Core area quality is associated with variance in reproductive success among female chimpanzees at Kibale National Park

Melissa Emery Thompson, Sonya M. Kahlenberg, Ian C. Gilby, Richard W. Wrangham

Research output: Contribution to journalArticle

116 Scopus citations

Abstract

Female East African chimpanzees, Pan troglodytes schweinfurthii, tend to range apart from each other in dispersed core areas, and they have dominance interactions with each other so rarely that it is difficult for observers to assess a dominance hierarchy. Nevertheless female chimpanzees can have high variance in fitness. Here, we test the hypothesis that female chimpanzee fitness variance is associated with variation in the foraging quality of their ranges. We studied range usage of 21 wild adult female chimpanzees within the Kanyawara community, Kibale National Park, Uganda. Core areas of individuals remained stable over a 9-year period and varied in their density of preferred foods. Females in neighbourhoods containing more preferred foods had elevated ovarian hormone production, shorter birth intervals and higher infant survivorship. Our results thus suggest that superior access to food may have enabled some community females to reproduce more successfully than others. Although dominance interactions are less frequent among females than among males of this species, we propose that the intensity of selection on intrasexual competition may be similar between the sexes. We discuss potential applications to other fission-fusion species.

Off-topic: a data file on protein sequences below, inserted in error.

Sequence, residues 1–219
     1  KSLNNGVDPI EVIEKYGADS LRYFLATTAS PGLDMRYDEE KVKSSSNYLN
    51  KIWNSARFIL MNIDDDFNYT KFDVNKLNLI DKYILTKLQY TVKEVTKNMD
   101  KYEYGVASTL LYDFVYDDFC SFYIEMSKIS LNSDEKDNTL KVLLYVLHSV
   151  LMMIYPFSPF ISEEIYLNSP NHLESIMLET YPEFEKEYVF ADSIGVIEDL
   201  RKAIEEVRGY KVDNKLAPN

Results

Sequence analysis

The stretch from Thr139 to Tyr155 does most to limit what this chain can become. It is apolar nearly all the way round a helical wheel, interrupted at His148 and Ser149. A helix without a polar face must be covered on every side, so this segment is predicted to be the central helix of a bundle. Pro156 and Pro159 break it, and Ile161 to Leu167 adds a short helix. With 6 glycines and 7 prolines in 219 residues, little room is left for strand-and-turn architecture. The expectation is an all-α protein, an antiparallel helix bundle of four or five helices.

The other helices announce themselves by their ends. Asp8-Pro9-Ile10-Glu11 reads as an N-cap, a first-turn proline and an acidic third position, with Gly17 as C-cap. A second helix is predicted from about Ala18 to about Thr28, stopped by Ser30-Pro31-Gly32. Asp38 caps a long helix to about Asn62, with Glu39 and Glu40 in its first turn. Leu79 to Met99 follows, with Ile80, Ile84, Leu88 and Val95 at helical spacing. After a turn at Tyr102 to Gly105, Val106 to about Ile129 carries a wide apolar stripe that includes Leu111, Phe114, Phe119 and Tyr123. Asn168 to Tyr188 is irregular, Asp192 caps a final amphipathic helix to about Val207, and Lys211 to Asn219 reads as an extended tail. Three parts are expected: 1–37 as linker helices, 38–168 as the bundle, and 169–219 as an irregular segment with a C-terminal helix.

Original languageEnglish (US)
Pages (from-to)501-512
Number of pages12
JournalAnimal Behaviour
Volume73
Issue number3
DOIs
StatePublished - Mar 1 2007
Externally publishedYes

Keywords

  • Pan troglodytes schweinfurthii
  • chimpanzee
  • endocrinology
  • habitat ecology
  • intrasexual competition
  • ranging
  • reproductive ecology
  • reproductive success

ASJC Scopus subject areas

  • Ecology, Evolution, Behavior and Systematics
  • Animal Science and Zoology

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